David Campbell, Ed.
Reviewed by: James W. Campbell
The Suburbs of Heaven: The Diary of Murdoch Campbell, edited by David Campbell. Covenanters Press, 2014. Paperback, 178 pages, list price $20.00. Reviewed by OP teacher James W. Campbell.
Churches and theological seminaries are good at teaching many things, such as Greek and Hebrew, theology, church history, and polity. All these things can be learned by attending classes, studying books, and listening to lectures. However, there are some topics that do not lend themselves to such educational endeavors. How does one learn to pray? One can and ought to read about prayer, but praying itself is a practical discipline; it is a matter of doing. And what of meditation? What of a close walk with God? In such areas, exemplars are more helpful than theoreticians.
Murdoch Campbell (1900–1974), a minister of the Free Church of Scotland, was just such an exemplar. He prayed and meditated upon the Word. He sought to know God in Christ in a deeper way. Some of his experiences have been recorded in previously published books: From Grace to Glory and Memories of a Wayfaring Man. Now his diary has been published, edited by his son, David Campbell.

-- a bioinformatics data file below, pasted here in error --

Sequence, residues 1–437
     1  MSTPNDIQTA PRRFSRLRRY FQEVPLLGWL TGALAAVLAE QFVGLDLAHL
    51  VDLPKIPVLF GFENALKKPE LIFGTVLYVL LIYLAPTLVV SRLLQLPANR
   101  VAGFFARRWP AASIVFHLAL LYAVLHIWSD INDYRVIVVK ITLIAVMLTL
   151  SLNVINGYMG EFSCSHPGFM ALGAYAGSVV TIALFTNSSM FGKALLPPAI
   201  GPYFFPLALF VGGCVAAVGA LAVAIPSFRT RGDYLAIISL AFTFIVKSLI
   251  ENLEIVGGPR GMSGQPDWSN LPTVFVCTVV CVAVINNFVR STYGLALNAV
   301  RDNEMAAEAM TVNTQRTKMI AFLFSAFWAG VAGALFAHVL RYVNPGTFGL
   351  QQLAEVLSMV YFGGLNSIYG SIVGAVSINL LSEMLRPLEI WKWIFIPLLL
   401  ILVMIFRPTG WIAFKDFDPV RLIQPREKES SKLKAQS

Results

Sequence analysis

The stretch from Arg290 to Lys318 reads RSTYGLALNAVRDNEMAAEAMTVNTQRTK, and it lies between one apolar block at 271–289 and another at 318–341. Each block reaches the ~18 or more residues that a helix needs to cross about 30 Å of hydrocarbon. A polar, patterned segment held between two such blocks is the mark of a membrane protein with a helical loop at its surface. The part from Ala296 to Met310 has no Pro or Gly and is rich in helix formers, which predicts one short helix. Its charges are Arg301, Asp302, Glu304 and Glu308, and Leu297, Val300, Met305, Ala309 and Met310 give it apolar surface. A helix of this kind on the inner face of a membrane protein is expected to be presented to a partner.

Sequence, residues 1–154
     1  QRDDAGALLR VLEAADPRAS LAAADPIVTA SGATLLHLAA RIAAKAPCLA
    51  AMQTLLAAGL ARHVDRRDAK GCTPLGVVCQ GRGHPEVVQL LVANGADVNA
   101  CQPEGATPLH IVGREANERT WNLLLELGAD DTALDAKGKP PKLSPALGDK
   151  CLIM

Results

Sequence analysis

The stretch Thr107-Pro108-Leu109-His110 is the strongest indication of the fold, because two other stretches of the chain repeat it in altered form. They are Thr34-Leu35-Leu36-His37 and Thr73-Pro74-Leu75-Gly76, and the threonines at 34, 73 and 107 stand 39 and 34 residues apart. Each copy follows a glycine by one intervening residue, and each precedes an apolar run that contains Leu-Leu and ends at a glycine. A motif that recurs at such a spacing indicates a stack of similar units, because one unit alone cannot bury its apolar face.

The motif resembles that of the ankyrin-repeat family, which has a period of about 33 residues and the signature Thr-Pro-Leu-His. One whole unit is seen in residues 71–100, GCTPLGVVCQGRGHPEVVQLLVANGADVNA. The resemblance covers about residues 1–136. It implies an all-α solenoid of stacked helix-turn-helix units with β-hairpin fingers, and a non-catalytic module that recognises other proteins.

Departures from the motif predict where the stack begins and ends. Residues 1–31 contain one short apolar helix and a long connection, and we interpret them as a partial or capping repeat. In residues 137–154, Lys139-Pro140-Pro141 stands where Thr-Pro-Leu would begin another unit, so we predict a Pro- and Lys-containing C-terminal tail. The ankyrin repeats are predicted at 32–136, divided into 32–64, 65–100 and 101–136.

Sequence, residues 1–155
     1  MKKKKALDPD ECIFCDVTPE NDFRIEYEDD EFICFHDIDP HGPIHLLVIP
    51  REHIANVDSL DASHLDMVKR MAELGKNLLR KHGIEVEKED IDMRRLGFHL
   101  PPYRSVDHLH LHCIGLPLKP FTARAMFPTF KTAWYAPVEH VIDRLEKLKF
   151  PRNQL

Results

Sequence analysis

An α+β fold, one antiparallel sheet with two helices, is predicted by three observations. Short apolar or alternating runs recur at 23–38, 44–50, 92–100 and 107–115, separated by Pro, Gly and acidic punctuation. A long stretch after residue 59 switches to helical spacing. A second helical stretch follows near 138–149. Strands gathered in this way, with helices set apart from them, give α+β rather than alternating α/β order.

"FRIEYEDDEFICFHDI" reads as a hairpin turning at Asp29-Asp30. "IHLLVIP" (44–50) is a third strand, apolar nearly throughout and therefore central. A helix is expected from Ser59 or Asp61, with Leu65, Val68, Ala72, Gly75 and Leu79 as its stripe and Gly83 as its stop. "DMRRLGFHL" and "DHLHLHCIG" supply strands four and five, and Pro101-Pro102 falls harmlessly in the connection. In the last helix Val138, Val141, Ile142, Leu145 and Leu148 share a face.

What can one learn from such a book about the daily practice of drawing close to God? There are at least three lessons for us here: (1) Communion with God is of the Lord, not of us. (2) Such communion is something we receive, not something we do. (3) It is always to be judged by the written Word.
David Campbell uses words like “mystic” to describe his father. This can be wrongly interpreted, as many in our day struggle with subjectivity and New Age thinking. But Murdoch Campbell shows us that there is an element in the Christian life, consistent with the whole counsel of God, that rightly seeks a deeper experience of God’s presence, as the Holy Spirit draws us to Christ, blessing the Word of God to our hearts.
David Campbell writes: “For my father, it seems that there could be no greater pleasure than daily converse with God.” An example of such pleasure can be seen in the diary entry for December 10, 1958: “On Friday afternoon, when I was in my room alone, the Lord broke through my darkness and deadness and gave me a brief Bethel season of His presence which, when accompanied by His love and Word, can transform the most distressing situation into a delightsome suburb of Heaven.”
Murdoch Campbell challenges us to believe, to practice godliness, and to wait upon the Lord. At the same time, his writings give us a record of how one man found Christ’s promise to be true: “I am with you alway, even unto the end of the world” (Matt. 28:20 KJV).
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